This Essay considers whether a pluralist account of private law can, notwithstanding its multiplicity, its dynamism, and its disavowal of neutrality, comply with the rule of law. My focus will thus be on two aspects of the rule of law: as a requirement that law be capable of guiding its subjects’ behavior, and as a prescription that law not confer on officials the right to exercise unconstrained power. At first glance, a pluralist and perfectionist understanding of private law is vulnerable on both the guidance and the constraint fronts, but this impression is fortunately incorrect. Private law pluralism neither requires nor should it imply adopting the dubious nominalistic approach of case by case adjudication, which indeed undermines guidance. Rather, properly understood, private law pluralism supports, even requires, relatively stable and internally coherent — albeit properly narrow — doctrinal categories. Each such private law institution is governed by fairly precise rules alongside informative standards founded on the regulative principles of these institutions, enabling people to predict the consequences of future contingencies and to plan and structure their lives accordingly. These private law institutions are shaped and developed through both legislation and adjudication. Courts are appropriately involved in many of these processes because at least insofar as private law is concerned they typically enjoy no less legitimacy, from either a participation or an accountability perspective, than legislatures. Likewise, while the plurality of values involved in the molding of our private law institutions’ regulative principles makes this a challenging endeavor, we have no grounds for assuming that the requirement of normative contextual inquiry typifying common law adjudication does not reliably constrain this judicial power.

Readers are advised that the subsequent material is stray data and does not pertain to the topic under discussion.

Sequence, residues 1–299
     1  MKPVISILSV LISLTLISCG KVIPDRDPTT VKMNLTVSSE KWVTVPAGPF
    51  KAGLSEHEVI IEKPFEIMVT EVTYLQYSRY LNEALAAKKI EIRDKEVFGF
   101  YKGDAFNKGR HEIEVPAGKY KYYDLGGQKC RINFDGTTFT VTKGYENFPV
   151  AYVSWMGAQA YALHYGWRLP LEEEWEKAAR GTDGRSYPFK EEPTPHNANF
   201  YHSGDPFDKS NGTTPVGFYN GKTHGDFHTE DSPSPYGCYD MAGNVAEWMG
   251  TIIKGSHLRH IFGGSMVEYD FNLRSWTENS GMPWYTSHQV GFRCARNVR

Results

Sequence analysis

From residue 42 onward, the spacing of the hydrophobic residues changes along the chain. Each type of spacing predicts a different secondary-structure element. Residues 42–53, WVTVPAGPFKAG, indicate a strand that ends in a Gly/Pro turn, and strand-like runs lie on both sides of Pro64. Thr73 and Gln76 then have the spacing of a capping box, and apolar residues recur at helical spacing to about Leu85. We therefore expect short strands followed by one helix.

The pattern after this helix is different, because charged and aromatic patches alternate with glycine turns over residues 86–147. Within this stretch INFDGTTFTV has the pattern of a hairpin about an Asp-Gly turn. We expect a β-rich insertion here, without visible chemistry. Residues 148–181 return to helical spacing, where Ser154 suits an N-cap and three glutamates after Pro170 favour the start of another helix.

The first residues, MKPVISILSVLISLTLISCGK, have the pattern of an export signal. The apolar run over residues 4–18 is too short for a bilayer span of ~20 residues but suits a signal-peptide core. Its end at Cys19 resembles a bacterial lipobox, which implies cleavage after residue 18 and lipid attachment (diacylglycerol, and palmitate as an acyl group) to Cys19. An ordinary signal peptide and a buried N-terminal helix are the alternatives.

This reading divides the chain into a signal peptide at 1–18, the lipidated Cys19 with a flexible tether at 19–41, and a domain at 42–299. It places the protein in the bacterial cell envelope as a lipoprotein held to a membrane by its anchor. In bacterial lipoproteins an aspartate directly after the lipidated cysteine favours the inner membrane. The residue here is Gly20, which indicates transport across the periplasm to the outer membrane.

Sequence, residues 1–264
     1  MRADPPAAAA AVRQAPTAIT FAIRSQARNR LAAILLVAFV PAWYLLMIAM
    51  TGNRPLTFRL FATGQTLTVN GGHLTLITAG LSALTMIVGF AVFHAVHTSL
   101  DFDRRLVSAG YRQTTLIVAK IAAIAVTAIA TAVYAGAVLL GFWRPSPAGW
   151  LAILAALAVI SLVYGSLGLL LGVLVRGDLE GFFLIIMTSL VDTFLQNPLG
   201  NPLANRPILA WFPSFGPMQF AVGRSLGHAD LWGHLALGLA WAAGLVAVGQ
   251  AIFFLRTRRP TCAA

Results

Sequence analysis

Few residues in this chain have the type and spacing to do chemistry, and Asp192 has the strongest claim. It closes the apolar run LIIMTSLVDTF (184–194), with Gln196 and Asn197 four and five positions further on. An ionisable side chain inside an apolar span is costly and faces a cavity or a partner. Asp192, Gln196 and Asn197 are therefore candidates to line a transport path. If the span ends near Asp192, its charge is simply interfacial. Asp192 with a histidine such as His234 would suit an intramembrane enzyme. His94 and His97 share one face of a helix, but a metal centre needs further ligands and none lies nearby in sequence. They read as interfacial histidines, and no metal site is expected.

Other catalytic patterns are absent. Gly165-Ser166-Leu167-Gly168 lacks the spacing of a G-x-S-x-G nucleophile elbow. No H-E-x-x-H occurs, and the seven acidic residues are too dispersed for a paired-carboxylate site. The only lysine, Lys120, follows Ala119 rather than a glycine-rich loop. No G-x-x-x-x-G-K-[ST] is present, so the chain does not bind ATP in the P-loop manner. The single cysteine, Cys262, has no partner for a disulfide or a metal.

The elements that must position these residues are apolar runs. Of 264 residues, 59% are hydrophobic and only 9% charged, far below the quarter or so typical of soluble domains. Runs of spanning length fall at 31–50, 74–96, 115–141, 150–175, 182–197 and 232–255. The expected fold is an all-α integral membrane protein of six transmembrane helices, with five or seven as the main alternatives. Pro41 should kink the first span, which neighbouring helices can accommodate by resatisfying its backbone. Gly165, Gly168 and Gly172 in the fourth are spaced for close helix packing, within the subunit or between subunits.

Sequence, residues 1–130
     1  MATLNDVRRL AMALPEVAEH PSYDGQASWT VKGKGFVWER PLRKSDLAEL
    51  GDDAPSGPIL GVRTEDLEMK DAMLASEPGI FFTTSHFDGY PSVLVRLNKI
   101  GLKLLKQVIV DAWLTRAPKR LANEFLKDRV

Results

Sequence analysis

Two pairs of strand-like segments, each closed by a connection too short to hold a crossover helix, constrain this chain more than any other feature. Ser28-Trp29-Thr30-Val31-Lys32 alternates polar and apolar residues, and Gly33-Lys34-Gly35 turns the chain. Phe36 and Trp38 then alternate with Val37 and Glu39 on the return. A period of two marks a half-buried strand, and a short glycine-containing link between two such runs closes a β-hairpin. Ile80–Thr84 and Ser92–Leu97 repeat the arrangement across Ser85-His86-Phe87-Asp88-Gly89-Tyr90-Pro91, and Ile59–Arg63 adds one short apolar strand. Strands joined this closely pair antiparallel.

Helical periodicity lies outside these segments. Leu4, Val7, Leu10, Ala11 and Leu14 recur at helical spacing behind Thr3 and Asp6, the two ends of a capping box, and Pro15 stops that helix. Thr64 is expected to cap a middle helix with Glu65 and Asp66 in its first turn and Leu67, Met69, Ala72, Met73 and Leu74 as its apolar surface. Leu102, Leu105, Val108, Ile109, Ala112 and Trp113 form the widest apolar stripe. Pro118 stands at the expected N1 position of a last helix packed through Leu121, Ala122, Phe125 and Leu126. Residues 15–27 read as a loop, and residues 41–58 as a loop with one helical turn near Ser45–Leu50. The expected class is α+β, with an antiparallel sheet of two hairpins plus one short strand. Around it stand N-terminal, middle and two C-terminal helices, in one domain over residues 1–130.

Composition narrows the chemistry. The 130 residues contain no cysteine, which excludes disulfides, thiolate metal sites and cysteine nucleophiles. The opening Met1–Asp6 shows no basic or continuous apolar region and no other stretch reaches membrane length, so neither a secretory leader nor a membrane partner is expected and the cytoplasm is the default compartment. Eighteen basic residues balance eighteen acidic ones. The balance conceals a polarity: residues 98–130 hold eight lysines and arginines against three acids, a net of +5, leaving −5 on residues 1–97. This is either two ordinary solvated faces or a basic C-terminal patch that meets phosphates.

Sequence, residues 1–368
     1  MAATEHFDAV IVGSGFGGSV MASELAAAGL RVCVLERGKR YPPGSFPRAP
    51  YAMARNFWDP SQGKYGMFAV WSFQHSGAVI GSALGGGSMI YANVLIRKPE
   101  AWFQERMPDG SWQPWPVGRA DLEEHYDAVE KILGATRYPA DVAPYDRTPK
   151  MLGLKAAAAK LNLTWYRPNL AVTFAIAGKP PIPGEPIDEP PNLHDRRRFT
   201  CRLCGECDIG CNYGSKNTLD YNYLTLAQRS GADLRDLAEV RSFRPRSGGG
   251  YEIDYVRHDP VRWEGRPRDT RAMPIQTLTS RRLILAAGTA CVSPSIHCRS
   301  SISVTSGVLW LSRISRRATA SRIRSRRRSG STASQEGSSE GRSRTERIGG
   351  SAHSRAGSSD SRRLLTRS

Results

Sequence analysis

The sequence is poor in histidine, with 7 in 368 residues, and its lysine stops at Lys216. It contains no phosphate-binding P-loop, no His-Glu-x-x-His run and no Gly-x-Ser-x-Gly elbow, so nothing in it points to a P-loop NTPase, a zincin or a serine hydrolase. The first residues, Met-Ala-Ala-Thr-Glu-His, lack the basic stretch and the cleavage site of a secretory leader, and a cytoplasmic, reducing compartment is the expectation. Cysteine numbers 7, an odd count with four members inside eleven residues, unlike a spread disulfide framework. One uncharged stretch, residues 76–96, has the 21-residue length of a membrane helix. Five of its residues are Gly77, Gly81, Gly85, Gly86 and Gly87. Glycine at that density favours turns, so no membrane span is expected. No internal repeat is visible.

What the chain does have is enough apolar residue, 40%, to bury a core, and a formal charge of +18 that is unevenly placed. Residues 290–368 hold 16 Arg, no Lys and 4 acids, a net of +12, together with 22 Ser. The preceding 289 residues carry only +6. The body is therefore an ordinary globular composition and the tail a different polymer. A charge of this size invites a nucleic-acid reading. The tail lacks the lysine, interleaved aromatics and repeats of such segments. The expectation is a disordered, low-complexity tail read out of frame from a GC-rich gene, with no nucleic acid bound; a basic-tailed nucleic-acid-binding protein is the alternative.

Dagan, Hanoch, Private Law Pluralism and the Rule of Law (August 9, 2012).